I don’t quite understand why but I’ve found myself intrigued over the past several years about the concept of the draft trade value chart and how it has necessarily undergone changes as elements of the draft itself has changed.
One major element of change was introduced following the 2011 season, after the new Collective Bargaining Agreement was put into place which introduced a new rookie wage scale that vastly reduced the payment for rookies at the top of the draft.
Another major element introduced more recently was the ability for teams to trade compensatory draft picks that they receive. This introduces 32 more draft picks every year that can be traded by teams that previously were not, which obviously fundamentally changes things. A team could have up to 11 moveable draft picks without having acquired any via trades.
Because of the way some of the elements of the draft have changed, and how the game and the veteran pay scales have changed over the course of the past two decades, the common old ‘value chart’ that the Dallas Cowboys popularized in the early-mid 90s has become somewhat obsolete.
Teams have been devising their own new draft value charts in the interim to reflect what they feel represents the appropriate values to them. But New England Patriots Head Coach Bill Belichick said recently that he believes we have begun to see a consensus forming again about trade values.
Asked about whether or not he feels that the first round of the draft has become something of its own entity in recent years, Belichick went into a long and detailed response that focused mainly on trading, mentioning specifically the addition of compensatory picks becoming tradeable.
“I’d say the draft chart has been modified a little bit based on the change in that”, he said. “One of the problems with the draft chart, if we all have our own draft charts, which is fine, sometimes it’s hard to make a trade because, ‘well, my draft chart says this. Well, your draft chart says that’, whereas if we all use the same chart, we all agree on basic value”.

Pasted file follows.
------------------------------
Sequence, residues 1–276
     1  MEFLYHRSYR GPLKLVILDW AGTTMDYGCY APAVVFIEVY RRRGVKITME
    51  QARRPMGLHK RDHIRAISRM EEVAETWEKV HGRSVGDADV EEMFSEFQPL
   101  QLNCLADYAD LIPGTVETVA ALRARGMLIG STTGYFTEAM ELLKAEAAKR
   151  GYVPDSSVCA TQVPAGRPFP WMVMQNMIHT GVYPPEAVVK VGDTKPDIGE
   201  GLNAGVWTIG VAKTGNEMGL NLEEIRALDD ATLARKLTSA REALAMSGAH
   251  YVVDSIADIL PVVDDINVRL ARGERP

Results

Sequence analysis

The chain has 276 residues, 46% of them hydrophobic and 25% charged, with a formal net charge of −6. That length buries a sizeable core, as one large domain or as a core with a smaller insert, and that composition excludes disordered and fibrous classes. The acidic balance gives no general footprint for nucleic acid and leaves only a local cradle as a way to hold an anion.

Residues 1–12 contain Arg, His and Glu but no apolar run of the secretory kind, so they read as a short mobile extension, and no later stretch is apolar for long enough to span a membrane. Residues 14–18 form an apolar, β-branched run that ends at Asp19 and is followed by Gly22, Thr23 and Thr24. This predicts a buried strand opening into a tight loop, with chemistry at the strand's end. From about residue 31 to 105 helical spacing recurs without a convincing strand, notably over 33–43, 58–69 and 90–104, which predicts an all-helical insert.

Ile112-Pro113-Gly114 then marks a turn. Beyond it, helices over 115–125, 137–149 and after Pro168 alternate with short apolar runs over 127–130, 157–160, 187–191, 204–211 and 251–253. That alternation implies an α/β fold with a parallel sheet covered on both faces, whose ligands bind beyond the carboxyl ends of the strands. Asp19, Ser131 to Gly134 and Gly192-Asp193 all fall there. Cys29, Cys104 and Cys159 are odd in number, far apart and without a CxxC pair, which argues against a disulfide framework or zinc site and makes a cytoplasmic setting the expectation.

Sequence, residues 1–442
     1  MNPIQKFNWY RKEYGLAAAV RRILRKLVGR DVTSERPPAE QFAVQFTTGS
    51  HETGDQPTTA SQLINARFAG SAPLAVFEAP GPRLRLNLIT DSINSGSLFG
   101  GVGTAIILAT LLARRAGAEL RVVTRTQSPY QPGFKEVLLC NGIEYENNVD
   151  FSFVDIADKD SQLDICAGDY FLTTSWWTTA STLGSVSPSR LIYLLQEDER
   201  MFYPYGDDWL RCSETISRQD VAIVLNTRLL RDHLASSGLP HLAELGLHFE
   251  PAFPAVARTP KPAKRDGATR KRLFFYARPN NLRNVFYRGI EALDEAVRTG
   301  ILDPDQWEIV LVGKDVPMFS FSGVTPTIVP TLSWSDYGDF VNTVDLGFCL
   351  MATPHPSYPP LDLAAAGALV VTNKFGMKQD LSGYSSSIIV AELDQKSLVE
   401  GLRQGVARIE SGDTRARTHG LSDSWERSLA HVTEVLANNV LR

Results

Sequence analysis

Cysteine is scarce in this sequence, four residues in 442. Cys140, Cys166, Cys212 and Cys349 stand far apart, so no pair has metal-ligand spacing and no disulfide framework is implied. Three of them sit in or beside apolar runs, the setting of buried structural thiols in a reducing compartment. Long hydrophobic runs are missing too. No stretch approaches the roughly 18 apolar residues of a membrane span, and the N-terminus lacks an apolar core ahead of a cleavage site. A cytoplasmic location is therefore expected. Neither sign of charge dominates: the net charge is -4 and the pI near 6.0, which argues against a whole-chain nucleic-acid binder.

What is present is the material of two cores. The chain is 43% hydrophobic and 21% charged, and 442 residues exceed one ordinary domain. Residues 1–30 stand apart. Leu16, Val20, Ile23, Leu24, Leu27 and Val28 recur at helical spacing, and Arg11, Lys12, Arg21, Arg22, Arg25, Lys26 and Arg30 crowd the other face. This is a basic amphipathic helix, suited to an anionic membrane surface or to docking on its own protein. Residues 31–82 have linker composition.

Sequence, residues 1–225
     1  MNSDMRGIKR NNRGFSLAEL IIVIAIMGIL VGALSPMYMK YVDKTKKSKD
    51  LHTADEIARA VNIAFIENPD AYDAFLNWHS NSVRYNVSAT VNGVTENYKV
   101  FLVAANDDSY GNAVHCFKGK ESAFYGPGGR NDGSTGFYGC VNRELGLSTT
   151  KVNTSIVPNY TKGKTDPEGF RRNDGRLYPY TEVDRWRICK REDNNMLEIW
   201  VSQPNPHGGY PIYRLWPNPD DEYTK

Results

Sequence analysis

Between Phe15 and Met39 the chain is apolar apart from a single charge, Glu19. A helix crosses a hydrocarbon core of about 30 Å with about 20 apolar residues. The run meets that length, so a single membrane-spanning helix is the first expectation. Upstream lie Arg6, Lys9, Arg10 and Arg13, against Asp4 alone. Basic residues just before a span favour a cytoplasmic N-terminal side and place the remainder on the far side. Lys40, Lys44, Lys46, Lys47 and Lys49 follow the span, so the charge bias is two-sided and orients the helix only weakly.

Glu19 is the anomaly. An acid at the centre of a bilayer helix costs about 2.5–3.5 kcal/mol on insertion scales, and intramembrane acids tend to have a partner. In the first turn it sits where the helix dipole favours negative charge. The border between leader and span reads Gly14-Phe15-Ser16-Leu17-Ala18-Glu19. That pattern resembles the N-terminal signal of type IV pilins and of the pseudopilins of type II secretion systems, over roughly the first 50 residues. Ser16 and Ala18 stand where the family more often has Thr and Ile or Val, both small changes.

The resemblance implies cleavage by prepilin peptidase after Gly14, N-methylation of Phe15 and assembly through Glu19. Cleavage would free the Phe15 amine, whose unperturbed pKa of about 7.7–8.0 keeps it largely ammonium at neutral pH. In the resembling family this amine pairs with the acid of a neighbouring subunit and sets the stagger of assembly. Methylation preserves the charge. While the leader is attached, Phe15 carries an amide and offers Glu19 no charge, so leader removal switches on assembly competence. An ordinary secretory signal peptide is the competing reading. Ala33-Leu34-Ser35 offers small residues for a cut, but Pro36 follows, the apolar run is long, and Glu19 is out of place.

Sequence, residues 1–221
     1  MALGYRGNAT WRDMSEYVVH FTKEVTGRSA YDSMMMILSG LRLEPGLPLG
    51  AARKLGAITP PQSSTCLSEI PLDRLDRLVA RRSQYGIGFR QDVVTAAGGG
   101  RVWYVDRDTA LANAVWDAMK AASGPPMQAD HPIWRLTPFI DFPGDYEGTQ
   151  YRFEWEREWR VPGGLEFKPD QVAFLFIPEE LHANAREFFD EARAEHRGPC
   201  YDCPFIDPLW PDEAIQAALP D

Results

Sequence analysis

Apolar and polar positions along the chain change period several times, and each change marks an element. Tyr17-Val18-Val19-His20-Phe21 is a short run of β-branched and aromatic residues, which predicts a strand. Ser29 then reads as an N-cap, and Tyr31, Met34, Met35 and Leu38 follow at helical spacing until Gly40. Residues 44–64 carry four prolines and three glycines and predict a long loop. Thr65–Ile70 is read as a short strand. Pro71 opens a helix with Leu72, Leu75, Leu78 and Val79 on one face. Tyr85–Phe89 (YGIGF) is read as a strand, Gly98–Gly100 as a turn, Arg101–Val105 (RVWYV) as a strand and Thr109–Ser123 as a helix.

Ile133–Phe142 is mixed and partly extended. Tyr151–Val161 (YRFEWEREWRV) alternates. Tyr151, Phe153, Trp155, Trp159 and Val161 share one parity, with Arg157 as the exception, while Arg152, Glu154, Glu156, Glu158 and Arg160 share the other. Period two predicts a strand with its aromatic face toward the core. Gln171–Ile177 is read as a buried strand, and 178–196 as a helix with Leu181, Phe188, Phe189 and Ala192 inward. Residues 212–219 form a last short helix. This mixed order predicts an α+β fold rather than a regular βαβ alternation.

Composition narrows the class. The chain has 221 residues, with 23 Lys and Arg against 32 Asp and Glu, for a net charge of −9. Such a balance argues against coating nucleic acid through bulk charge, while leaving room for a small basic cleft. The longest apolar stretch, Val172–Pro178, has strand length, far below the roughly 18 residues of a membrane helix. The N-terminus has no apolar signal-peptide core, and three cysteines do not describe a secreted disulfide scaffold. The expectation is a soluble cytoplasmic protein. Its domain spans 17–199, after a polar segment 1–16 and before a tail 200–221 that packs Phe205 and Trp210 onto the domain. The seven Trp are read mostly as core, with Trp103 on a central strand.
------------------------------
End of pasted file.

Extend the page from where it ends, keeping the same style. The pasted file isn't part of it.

He went on, saying that having a consensus on value makes it easier to make fair trades. “I’d say over the last few years the majority of the trades that we’ve studied have been within a few percentage points one way or the other of being the correct value for the trade”, he added.
“I’d say, overall, in the last couple of years, as we’ve studied the trade values, they’ve been pretty consistent with what our evaluations show on the trade chart, which I think is what the majority of the teams use. Relative to resetting the draft, the trade chart, I’d say there’s been a little bit of a modification there”.
In fact, I wrote about this last year. The Seahawks’ VP of football administration said that a number of members from different teams literally got together in order to put a new chart together. It seems that this new chart is spreading around the league as the new standard. For what it’s worth, the Pittsburgh Steelers are not a team that holds fast to it.